Saturday, April 05, 2008

The ID Monster From Forbidden Planet, 1956

"Ask a film fan for a list of the truly intelligent, well-made science fiction films of the 1950s, and you'll most likely get a fairly short list. Topping that list, however, will probably be MGM's classic, Forbidden Planet. Based, at least in part, on William Shakespeare's 1610 play, The Tempest, Forbidden Planet tells the story of a rescue mission sent to the planet Altair IV to find any trace of the missing Bellerophon expedition. What they find is Dr. Edward Morbius and his now-grown daughter Altaira, along with a terrifying invisible monster that seems set on destroying the rescue crew just as it did the Bellerophon party. To bring the invisible Monster from the Id to life, MGM made a deal with Disney studios to borrow one of their chief animators, Joshua Meador, and a crew of artists, marking the very first occasion that Disney had loaned their talent to another studio. Meador and his team developed a radical new method of animation to create the Id Monster, seen only against the discharge from an electrical fence and the crew's blaster fire. Rather than rely on traditional cell animation, in which each frame is painted on a clear acetate sheet, Meador had each frame drawn in graphite on animator's paper. Then, each of these frames was shot using high contrast film, from which a negative image was extracted and composited over the positive image. The result was a weird, roiling creature, the perfect representation of all man's basest desires. Offered here is one of the original animation drawings used in the filming of the movie, a stunning portrait of the Id Monster." - quote and image source.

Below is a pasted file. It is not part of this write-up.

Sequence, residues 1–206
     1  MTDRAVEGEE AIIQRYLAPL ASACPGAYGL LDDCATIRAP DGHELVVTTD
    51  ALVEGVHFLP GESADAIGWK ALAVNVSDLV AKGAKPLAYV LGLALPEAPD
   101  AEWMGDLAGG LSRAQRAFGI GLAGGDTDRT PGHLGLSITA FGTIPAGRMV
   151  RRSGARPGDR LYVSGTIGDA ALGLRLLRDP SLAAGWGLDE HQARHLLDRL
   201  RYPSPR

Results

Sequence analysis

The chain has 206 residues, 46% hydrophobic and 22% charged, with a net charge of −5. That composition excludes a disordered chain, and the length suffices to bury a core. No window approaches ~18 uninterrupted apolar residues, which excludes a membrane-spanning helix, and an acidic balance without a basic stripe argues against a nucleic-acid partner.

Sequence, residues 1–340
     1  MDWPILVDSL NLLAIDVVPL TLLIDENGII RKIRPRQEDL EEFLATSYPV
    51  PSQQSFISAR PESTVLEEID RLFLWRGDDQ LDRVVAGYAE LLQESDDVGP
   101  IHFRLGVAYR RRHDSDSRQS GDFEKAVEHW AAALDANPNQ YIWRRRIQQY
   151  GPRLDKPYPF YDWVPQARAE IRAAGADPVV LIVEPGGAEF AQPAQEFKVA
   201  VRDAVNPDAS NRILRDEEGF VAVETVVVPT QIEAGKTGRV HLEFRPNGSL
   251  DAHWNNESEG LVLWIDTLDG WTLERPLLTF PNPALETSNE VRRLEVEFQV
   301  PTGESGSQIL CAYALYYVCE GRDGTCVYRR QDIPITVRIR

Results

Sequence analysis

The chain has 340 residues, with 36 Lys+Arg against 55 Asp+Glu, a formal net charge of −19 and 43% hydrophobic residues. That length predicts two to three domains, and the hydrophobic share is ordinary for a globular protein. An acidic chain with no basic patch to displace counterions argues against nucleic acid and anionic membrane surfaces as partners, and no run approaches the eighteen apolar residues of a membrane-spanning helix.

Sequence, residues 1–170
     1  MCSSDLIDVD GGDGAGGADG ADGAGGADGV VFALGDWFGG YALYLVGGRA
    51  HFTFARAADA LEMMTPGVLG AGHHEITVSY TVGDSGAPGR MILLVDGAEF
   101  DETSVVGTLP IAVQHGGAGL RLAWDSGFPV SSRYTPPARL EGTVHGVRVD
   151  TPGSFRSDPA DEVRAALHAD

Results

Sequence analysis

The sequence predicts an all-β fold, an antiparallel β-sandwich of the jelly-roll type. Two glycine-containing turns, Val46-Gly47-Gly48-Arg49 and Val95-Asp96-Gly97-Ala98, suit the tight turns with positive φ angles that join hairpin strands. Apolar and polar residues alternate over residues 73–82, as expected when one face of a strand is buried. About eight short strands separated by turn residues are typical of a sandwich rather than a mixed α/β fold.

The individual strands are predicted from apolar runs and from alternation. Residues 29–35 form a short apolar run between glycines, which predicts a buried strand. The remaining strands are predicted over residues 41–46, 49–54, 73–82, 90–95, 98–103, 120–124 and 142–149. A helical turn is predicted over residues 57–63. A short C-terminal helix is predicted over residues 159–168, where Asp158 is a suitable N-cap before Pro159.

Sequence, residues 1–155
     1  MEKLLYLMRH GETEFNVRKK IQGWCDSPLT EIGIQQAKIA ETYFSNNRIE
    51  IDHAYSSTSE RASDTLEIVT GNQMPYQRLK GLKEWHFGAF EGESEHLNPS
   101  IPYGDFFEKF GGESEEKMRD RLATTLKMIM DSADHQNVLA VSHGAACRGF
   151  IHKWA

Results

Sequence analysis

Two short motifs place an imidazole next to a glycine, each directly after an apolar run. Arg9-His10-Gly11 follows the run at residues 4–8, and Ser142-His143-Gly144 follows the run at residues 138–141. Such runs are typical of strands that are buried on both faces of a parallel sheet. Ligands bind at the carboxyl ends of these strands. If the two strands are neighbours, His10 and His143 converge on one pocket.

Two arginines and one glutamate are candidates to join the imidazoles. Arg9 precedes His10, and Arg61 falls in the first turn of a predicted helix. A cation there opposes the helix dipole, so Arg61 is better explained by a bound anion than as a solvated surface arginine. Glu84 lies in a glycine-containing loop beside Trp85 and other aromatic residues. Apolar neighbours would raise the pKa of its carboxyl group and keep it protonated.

Here's a screenshot from the film showing how the creature appeared in the movie...


Below is a conceptual drawing for a supposed remake of Forbidden Planet I found on flickr.


The following 3 photographs are from a detailed sculpture of the Id monster created by Tony McVey. This version takes the id monster away from the meatball with legs and fangs look into a more anatomically correct, if that's even possible, abomination. You can view the page these works were found at the Menagerie Productions website.






























































And a few more sculpted interpretations of the Id beast I found on google.


2 comments:

todd said...

those animation cells are incredible! i saw this film only a few yrs ago, it is a stunner.

Jerom said...

This concept art is awesome!